The Pregnant Workers Fairness Act: What Does That Mean For Employers?

The Pregnant Workers Fairness Act:  What Does That Mean For Employers?

There are two new pregnancy-related federal laws, the Pregnant Workers Fairness Act, (“PWFA”) and the Providing Urgent Maternal Protections for Nursing Mothers Act (“PUMP Act”), expanding federal protections for both pregnant and nursing mothers.  While some of the Acts’ provisions overlap with requirements of other federal and state laws, both Acts require nuances that place additional obligations on employers.

Effective June 29, 2023, the PWFA requires “covered employers” to provide “reasonable accommodations” to pregnant employees and applicants who have known limitations related to pregnancy, childbirth, or related medical conditions, unless the accommodation will cause the employer an “undue hardship.”  Covered employers include private and public sector employers with at least 15 employees, however California’s state and local laws provide stricter pregnancy and lactation accommodations requirements, with five or more employees and the California laws do not allow for any undue hardship exception.

Essentially, the PWFA extends the requirements of the Americans with Disabilities Act (ADA) to pregnant employees.  The expressed purpose for passing the PWFA is to cover a gap left by the current federal law protecting pregnant and postpartum employees who need accommodations for physical or mental conditions related to pregnancy and childbirth.  What it does mean is that now violating employers risk not just a lawsuit in California state court, but also a Federal lawsuit.

The PUMP ACT, which became effective April 28, 2023, amended the federal Fair Labor Stands Act (“FLSA”) to require employers to pay employees for these breaks if the employer provides paid breaks to other employees.  The PUMP Act notes time spent expressing should be considered hours worked unless the employee is completely relieved of duties during the entire break.  If the employee is interrupted during the break, the employee must be paid for the entire break.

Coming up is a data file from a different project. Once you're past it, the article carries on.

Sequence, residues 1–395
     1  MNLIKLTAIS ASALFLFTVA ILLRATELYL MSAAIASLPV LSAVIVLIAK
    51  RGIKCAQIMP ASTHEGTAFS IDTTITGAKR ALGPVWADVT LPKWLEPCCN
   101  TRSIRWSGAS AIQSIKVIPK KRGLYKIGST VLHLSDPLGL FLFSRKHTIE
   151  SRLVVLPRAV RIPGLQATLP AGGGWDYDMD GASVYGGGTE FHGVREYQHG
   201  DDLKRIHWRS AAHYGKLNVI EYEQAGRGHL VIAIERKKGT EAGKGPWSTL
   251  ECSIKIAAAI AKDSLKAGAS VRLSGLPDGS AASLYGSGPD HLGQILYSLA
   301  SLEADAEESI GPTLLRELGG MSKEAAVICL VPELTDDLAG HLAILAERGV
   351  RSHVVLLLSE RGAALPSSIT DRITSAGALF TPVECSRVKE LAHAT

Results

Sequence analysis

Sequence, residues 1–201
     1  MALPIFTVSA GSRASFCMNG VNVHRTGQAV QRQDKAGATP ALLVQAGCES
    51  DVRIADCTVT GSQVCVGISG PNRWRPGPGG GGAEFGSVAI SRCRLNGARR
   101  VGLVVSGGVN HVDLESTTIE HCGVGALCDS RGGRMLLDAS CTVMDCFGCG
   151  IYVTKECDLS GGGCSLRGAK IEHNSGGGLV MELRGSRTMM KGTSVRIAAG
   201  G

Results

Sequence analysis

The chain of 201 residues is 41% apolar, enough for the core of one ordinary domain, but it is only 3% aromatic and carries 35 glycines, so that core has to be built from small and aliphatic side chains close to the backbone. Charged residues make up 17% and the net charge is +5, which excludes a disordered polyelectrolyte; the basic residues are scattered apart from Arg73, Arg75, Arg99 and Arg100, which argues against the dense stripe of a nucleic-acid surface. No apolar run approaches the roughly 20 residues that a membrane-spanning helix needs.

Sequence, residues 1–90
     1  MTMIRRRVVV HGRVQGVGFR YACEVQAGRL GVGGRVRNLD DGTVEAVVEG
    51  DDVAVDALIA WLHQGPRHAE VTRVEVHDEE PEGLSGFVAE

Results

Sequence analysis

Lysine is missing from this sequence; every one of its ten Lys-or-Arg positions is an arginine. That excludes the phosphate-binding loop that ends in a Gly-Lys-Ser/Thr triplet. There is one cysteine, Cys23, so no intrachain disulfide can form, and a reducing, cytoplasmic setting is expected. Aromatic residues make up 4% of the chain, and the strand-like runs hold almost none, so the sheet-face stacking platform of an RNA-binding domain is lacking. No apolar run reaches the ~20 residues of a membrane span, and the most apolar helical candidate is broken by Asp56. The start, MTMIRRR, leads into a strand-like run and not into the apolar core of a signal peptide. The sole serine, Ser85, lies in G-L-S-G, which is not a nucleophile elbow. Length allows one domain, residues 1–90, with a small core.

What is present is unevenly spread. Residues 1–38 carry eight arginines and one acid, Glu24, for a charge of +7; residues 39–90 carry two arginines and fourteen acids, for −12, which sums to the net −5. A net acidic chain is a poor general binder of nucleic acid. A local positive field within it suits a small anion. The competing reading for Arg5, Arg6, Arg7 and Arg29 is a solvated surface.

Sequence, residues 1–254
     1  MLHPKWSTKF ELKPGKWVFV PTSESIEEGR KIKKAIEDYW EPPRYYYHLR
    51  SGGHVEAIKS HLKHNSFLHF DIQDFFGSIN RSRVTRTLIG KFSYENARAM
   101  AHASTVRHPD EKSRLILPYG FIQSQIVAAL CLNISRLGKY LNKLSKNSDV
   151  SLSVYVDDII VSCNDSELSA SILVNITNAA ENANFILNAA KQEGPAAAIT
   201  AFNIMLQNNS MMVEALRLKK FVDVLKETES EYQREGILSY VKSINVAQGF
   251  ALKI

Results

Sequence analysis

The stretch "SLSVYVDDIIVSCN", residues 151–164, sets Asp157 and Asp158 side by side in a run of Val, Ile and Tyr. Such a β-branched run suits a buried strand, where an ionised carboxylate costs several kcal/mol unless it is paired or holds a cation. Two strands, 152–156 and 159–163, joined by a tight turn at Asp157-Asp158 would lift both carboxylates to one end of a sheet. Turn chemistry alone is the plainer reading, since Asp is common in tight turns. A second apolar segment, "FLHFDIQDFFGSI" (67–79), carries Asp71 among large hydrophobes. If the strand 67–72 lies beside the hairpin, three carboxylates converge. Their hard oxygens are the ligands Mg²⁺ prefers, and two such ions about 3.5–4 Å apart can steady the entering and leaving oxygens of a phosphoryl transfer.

The Act creates a private right of action for employees who are denied breaks, not provided with a qualifying space for expressing, or not paid for the break as outlined in the Act.  Though the private right of action became effective April 28, 2023, remedies are back pay, front pay, liquidated damages, and attorney’s fees and cost.

As with the PWFA, California’s lactation accommodation laws contain more stringent provisions than the federal PUMP ACT requirements.  For example, the new law extends available time period for such accommodations to one year after the child’s birth, however California employers must allow employees a reasonable amount of time each time the employee has a need to express milk and has no such time limitation.

So, while California and many other states already provide for these protections, neither new federal act preempts more favorable state laws.  All employers are encouraged to review their current policies with legal counsel.

If you have any questions about your workplace policies or other employment law matters, here at Epps and Coulson, LLP we can help you navigate the best way to address any concerns and answer any questions you may have.  You may contact Dawn at:

Information contained in this Memo is intended for informational and educational purposes only and does not constitute legal advice or opinion, nor is it a substitute for the professional judgment of an attorney.  It is likely considered advertising.  Epps & Coulson, LLP encourages you to call to discuss these matters as they apply to you or your business.

Attorneys admitted to practice in California, New York, Colorado, Texas, and Oregon